For a basic example, let's say we want to scrape usernames for Stack Overflow users given a series of ids.

Serial code:

const puppeteer = require("puppeteer"); // ^14.3.0

let browser;
(async () => {
  browser = await puppeteer.launch({dumpio: false});
  const [page] = await browser.pages();
  const baseURL = "https://stackoverflow.com/users";
  const startId = 6243352;
  const qty = 5;
  const usernames = [];

  for (let i = startId; i < startId + qty; i++) {
    await page.goto(`${baseURL}/${i}`, {
      waitUntil: "domcontentloaded"
    });
    const sel = ".flex--item.mb12.fs-headline2.lh-xs";
    const el = await page.waitForSelector(sel);
    usernames.push(await el.evaluate(el => el.textContent.trim()));
  }

  console.log(usernames);
})()
  .catch(err => console.error(err))
  .finally(() => browser.close())
;

Parallel code:

const puppeteer = require("puppeteer");

let browser;
(async () => {
  browser = await puppeteer.launch();
  const [page] = await browser.pages();
  const baseURL = "https://stackoverflow.com/users";
  const startId = 6243352;
  const qty = 5;

  const usernames = (await Promise.allSettled(
    [...Array(qty)].map(async (_, i) => {
      const page = await browser.newPage();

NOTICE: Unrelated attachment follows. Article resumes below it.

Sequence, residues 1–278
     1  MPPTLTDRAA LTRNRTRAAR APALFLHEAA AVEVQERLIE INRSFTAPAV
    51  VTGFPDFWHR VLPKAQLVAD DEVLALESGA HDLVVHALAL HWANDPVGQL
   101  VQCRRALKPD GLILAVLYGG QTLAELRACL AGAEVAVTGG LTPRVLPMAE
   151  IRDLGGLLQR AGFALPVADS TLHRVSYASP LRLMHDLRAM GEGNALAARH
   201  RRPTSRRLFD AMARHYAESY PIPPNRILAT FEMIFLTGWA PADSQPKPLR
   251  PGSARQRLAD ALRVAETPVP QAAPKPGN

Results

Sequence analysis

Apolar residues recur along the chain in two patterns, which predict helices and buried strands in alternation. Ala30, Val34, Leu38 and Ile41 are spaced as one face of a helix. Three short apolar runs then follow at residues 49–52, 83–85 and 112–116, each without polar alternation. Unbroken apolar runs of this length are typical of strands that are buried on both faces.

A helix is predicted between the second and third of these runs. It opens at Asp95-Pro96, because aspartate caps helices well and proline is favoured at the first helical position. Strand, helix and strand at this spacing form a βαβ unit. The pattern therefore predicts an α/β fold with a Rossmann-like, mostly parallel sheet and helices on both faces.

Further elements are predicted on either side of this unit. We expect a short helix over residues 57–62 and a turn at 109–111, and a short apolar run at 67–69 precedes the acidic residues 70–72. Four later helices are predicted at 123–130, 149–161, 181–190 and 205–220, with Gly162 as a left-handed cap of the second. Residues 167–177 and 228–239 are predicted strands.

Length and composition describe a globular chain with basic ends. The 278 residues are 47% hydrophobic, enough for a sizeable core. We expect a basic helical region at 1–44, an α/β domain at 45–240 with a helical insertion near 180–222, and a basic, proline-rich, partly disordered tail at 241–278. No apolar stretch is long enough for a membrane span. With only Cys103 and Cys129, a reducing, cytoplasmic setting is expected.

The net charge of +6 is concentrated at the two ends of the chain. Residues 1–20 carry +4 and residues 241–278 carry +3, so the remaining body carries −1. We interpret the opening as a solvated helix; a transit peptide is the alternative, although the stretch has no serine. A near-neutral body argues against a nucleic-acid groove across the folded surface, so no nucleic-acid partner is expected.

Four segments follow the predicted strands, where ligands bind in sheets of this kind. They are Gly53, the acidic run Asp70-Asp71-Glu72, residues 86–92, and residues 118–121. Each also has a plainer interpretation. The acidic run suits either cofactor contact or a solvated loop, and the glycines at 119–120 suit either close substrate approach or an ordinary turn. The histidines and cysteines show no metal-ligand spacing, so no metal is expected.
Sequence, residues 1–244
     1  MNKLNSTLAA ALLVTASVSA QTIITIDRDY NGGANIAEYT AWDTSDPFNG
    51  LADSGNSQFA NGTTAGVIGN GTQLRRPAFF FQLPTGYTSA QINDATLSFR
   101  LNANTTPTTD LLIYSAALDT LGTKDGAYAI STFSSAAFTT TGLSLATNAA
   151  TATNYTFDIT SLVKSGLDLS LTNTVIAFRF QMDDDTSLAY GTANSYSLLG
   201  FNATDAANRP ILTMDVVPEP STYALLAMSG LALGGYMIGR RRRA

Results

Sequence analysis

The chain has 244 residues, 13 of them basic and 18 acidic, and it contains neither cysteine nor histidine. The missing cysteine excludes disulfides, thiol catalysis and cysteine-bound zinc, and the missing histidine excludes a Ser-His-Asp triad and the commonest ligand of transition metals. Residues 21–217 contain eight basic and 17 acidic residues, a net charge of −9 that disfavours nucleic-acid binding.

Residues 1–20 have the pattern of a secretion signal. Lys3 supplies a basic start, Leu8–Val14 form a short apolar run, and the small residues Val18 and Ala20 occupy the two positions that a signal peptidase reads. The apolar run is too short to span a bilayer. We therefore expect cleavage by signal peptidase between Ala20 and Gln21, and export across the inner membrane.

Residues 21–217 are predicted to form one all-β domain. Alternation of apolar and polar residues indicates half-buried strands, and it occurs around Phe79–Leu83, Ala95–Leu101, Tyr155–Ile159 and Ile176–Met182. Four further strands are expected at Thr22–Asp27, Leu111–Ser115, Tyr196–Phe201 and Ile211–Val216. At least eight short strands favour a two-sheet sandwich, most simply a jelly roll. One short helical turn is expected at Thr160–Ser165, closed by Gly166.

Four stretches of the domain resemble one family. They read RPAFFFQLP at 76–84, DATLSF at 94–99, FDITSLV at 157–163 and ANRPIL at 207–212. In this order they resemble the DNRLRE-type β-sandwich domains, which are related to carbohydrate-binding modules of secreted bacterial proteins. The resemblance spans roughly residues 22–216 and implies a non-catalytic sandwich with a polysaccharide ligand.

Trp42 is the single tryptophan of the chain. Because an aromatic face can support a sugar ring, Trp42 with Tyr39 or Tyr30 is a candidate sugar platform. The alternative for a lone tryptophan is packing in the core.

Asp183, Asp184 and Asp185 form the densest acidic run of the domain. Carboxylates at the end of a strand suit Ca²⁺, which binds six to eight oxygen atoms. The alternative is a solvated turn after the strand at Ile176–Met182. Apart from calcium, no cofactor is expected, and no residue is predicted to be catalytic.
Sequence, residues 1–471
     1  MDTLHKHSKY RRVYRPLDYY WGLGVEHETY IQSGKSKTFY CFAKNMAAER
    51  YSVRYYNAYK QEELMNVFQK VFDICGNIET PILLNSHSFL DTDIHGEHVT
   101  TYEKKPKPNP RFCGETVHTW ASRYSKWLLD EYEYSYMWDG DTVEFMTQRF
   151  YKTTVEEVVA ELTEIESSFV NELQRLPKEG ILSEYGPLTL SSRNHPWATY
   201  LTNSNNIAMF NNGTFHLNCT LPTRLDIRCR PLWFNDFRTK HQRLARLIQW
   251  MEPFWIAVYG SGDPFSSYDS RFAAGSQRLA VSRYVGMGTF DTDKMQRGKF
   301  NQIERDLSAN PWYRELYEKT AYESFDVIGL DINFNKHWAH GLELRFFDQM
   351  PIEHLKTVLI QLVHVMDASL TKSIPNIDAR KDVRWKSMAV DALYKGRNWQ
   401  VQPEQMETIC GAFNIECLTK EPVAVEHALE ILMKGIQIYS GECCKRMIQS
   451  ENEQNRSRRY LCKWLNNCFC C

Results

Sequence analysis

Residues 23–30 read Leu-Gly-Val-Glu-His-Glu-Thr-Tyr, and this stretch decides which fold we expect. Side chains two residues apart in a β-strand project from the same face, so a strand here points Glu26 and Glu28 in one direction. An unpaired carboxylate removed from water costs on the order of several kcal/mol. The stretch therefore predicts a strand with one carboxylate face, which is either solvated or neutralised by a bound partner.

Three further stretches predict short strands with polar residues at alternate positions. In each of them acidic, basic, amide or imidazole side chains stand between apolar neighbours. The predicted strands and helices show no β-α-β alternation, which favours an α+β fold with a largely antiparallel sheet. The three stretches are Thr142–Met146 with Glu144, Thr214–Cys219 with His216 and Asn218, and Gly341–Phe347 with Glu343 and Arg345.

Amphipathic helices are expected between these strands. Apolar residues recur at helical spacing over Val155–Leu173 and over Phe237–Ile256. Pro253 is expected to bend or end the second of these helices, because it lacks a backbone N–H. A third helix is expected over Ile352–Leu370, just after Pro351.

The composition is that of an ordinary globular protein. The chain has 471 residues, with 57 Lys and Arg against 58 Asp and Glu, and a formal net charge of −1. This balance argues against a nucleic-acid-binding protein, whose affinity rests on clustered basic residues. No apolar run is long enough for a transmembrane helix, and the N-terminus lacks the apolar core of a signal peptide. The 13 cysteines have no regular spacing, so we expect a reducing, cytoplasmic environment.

await page.goto(`${baseURL}/${i + startId}`, {
        waitUntil: "domcontentloaded"
      });
      const sel = ".flex--item.mb12.fs-headline2.lh-xs";
      const el = await page.waitForSelector(sel);
      const text = await el.evaluate(el => el.textContent.trim());
      await page.close();
      return text;
    })))
    .filter(e => e.status === "fulfilled")
    .map(e => e.value)
  ;
  console.log(usernames);
})()
  .catch(err => console.error(err))
  .finally(() => browser.close())
;

Remember that this is a technique, not a silver bullet that guarantees a speed increase on all workloads. It will take some experimentation to find the optimal balance between the cost of creating more pages versus the parallelization of network requests on a given particular task and system.

The example here is contrived since it's not interacting with the page dynamically, so there's not as much room for gain as in a typical Puppeteer use case that involves network requests and blocking waits per page.

Of course, beware of rate limiting and any other restrictions imposed by sites (running the code above may anger Stack Overflow's rate limiter).

For tasks where creating a page per task is prohibitively expensive or you'd like to set a cap on parallel request dispatches, consider using a task queue or combining serial and parallel code shown above to send requests in chunks. This answer shows a generic pattern for this agnostic of Puppeteer.